Sunday, November 21, 2010

DDWFTTW

14 comments:

Frankie said...

...I'll have croutons with this soup, thanks.

ChrisP said...

Passed some RS200s racing today and their spinnakers got them going pretty fast, but not faster than the wind....

Litoralis said...

Oh, so that's why it works.

JP said...

Ok, useful looking graph: now explain what it means and through in a couple of equations for good measure.

JP said...

Doh!

"throw" not "through"

Tillerman said...

Either you get it or you don't. I'm afraid that I can't add any more explanation to this chart today because I have taken a vow of silence as part of my new religion of Wordless Weekends.

Oops. I broke my vow. Now I will have to appease the gods by sacrificing two pizzas (no anchovies, please), a bottle of Gran Patron, and a wash cloth.

ChrisP said...

I realised how it worked (at least on an intuitive level) when someone said 'the prop isn't driving the wheels - the wheels are driving the prop'.
So...if you imagine the vehicle going at 30mpg with a following wind of 10mph, the wheels think they are doing 30mph, but the prop only has to provide the power to do 20mph. It is the difference that provides the power.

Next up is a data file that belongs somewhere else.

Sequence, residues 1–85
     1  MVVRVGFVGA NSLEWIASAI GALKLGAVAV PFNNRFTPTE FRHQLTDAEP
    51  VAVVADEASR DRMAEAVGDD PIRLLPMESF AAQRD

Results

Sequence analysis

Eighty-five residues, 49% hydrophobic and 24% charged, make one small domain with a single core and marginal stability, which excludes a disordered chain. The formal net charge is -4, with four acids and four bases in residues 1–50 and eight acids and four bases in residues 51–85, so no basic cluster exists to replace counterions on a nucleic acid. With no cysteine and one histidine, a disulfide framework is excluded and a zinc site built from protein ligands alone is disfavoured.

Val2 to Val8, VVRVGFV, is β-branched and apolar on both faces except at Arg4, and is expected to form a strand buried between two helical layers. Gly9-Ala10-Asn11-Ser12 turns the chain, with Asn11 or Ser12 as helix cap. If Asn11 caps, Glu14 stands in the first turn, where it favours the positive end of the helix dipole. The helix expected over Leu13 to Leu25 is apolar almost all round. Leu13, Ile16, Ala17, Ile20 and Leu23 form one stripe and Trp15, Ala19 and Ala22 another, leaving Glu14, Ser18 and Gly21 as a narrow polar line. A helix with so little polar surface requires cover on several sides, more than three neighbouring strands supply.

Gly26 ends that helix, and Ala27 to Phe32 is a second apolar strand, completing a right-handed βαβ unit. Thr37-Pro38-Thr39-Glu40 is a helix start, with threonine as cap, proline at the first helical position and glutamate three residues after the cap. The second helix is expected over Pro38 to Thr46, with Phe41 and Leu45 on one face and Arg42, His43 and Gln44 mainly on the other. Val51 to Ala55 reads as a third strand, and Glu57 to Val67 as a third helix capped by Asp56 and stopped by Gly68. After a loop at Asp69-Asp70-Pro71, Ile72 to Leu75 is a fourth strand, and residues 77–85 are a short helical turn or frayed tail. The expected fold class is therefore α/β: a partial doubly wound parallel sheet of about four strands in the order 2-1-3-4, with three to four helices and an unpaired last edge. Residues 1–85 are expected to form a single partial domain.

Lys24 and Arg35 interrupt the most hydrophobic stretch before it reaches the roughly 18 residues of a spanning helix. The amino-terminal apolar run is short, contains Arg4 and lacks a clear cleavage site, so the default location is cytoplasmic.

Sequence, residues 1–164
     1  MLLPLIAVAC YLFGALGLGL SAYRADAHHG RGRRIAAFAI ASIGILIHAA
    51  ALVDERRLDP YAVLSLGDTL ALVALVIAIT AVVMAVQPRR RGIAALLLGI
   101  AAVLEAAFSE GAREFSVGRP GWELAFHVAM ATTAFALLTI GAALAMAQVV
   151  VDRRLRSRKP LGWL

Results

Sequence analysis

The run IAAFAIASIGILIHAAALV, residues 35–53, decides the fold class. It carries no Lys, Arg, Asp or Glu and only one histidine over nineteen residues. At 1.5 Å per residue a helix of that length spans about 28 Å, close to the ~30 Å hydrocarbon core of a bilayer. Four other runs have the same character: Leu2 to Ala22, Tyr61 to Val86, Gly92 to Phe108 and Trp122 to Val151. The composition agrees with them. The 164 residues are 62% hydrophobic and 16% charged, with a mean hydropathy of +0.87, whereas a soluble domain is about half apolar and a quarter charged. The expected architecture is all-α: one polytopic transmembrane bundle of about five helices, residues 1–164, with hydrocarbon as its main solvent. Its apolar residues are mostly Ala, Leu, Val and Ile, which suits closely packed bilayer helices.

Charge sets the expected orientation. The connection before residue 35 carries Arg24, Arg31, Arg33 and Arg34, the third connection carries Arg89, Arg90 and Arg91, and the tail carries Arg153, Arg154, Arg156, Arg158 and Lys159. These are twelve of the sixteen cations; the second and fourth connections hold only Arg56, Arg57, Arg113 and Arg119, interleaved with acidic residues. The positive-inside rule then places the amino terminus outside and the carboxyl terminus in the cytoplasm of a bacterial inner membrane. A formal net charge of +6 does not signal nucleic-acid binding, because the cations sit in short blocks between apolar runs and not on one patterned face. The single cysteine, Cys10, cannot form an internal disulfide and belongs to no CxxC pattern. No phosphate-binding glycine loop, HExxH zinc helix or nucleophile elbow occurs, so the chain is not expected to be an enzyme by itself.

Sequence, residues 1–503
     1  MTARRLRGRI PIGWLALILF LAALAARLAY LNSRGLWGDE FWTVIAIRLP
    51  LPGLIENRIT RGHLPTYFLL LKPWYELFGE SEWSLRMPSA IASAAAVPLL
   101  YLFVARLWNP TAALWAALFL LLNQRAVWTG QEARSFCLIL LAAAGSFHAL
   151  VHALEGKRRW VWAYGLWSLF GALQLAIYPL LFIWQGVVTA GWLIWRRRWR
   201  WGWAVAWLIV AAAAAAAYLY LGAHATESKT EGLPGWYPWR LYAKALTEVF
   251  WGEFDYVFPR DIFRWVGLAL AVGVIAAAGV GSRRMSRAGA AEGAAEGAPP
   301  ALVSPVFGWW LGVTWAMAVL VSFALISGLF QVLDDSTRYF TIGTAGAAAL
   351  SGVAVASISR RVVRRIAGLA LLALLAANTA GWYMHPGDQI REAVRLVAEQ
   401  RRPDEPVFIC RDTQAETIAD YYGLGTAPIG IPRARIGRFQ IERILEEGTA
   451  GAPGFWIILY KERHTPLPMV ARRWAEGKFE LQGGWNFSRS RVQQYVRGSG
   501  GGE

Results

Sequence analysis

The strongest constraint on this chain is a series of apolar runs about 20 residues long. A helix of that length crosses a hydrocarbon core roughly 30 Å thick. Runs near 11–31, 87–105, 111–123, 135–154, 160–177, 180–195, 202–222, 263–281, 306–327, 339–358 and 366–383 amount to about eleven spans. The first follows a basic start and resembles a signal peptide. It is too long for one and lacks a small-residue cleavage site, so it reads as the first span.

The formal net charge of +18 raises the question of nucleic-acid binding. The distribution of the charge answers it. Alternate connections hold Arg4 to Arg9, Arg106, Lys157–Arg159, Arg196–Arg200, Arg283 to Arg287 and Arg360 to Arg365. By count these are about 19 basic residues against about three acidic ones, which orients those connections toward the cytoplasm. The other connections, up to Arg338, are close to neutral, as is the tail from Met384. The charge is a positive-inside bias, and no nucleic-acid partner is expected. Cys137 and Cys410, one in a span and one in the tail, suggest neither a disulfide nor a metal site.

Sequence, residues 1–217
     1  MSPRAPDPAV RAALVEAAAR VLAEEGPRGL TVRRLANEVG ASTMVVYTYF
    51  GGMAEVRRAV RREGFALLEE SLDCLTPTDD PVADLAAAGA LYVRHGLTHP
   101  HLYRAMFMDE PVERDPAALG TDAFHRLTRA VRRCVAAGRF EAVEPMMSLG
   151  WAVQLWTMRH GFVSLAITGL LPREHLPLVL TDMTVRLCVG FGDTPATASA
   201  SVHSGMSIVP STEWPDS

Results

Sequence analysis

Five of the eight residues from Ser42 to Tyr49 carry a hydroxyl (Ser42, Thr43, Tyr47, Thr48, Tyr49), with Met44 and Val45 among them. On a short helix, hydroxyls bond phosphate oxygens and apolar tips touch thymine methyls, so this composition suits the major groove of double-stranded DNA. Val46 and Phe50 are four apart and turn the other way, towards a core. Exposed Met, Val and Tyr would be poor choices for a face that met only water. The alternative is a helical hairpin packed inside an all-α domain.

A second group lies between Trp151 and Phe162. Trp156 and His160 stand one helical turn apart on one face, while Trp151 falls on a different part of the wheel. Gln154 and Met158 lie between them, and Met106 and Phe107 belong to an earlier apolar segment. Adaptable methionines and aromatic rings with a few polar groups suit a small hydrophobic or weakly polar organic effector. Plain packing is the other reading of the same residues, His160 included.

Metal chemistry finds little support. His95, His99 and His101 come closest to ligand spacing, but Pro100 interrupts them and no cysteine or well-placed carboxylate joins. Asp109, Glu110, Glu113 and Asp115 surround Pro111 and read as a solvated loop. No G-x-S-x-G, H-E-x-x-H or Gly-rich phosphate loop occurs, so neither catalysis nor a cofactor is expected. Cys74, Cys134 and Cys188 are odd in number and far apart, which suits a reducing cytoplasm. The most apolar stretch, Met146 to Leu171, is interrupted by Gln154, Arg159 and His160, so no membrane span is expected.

ChrisP said...

All references to mpg should be interpreted as mph. Mpg is a different argument....

O Docker said...

I have no idea what this graph shows, but I think if you have any mutual funds, you should sell them now.

Then, drink the Gran Patron.

Tillerman said...

Damn. I already sacrificed the Gran Patron.

I still have the wash cloth, though.

Baydog said...

Wash cloth. Did someone say bed?

Joe said...

Zzzzzzz

BeachComber said...

I was thinking about this in the shower when it came to me. First here's the technical background. Props have a certain ideal efficiency that cannot be exceeded (and it is always less than unity) because they're operating in a stream of moving air. If the air they were working in was perfectly still, the ideal efficiency would be one, but the air can't be still because props have to accelerate air to create thrust.

In the case of a helicopter hovering in ground effect (IGE), the ground slows down the air to an extent, so hovering (IGE) is more efficient than out of ground effect (OGE).

Now, if you imagine the machine in still air, a prop driving a vehicle whose wheels drive the prop, it wouldn't work. It would be a perpetual motion machine, undone by the fact that efficiencies are always less than one. Now if you add the tailwind component to the air the prop is working in, it becomes viable.

Having said all that, Chris P's explanation is much more succinct just as valid.

Pat said...

Just strap on a couple of JATOs.

Or sail a board-up Laser down a log flume chute.

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